Shared Responsibility Doesn’t Make Security Someone Else’s Problem

Too many IT professionals seem to think that “shared” security actually means “I don’t have to worry about security.”

Nothing could be further from the truth.

From the moment your organization spins up its first instance in Amazon Web Services, Microsoft Azure or Google Cloud Platform, you have become a participant in the shared security model. Understanding this model is what makes the difference between a protected environment, and one that is open to attack.

What is shared security?

As the name suggests, shared security is when two parties are responsible for the security posture of a single computing environment. In the public cloud (IaaS), the breakdown of responsibility here involves the provider guaranteeing physical security for the servers, storage, network, virtualization software and other infrastructure while the client takes on the task of ensuring proper security configurations using a suite of built-in tools and processes as well as third-party platforms.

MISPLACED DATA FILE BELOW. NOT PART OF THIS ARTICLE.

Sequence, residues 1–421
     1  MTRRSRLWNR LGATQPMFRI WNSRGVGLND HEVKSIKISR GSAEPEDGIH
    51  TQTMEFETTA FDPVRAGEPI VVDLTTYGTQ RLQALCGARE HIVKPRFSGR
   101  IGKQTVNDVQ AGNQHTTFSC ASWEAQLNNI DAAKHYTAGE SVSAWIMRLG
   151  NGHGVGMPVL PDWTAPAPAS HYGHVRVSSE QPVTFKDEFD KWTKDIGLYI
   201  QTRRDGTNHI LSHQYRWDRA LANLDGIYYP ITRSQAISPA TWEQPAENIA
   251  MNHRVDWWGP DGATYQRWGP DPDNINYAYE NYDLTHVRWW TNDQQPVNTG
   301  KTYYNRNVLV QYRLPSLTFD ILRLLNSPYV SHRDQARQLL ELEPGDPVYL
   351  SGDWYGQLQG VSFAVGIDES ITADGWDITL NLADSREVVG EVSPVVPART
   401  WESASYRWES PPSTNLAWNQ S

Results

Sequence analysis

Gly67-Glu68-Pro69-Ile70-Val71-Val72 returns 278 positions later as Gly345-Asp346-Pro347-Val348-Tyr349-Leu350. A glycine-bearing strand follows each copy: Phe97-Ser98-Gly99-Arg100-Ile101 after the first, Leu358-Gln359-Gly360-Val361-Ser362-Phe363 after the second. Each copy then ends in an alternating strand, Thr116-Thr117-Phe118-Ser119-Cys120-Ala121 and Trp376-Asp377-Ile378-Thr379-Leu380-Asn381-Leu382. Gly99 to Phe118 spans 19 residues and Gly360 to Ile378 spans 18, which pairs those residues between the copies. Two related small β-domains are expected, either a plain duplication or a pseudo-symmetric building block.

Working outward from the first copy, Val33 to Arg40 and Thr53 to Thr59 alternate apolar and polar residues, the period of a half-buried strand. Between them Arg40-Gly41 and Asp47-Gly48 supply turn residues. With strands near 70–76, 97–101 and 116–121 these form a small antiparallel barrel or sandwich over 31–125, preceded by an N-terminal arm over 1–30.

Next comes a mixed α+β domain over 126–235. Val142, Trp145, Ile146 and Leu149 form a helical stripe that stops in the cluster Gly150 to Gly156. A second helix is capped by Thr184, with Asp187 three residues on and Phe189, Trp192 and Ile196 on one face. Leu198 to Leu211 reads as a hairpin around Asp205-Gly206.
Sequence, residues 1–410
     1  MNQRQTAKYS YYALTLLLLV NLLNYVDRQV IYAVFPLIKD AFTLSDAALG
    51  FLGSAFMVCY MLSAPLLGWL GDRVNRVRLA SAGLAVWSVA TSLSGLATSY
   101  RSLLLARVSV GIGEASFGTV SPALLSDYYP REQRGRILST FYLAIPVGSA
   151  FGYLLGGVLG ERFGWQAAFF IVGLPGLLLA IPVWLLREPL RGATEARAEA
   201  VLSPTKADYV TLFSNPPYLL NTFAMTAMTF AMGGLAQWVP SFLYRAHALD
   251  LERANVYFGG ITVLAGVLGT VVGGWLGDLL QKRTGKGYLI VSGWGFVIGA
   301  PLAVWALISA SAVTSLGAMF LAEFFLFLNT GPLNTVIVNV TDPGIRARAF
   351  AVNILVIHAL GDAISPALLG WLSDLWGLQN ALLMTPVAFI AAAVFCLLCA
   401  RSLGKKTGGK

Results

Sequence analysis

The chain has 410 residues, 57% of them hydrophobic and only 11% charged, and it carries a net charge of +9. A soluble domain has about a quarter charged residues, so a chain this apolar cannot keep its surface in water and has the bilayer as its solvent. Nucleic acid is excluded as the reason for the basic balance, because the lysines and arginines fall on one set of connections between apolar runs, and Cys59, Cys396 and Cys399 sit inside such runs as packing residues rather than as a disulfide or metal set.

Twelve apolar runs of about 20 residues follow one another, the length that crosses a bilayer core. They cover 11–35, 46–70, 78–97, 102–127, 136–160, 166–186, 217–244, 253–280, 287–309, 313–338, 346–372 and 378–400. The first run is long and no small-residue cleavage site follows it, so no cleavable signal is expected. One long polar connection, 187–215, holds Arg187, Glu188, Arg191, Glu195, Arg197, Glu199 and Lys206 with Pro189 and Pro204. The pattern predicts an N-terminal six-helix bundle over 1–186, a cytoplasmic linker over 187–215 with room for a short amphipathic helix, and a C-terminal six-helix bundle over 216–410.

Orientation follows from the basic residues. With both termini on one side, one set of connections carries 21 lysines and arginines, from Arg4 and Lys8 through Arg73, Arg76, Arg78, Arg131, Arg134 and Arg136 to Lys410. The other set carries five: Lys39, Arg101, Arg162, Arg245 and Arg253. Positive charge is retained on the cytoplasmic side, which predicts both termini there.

What is the provider responsible for?  

Before the cloud, you were responsible for deploying, managing and protecting on-premises data centers for your IT requirements. You had to make sure nobody could break into the room and that enough redundancies were in place to ensure that a fire, flood etc. wouldn’t wipe everything away. You then bought and secured the servers, storage arrays, switches and routers, etc., installed and patched the hypervisor, and finally got around to deploying and managing the databases, web servers and applications.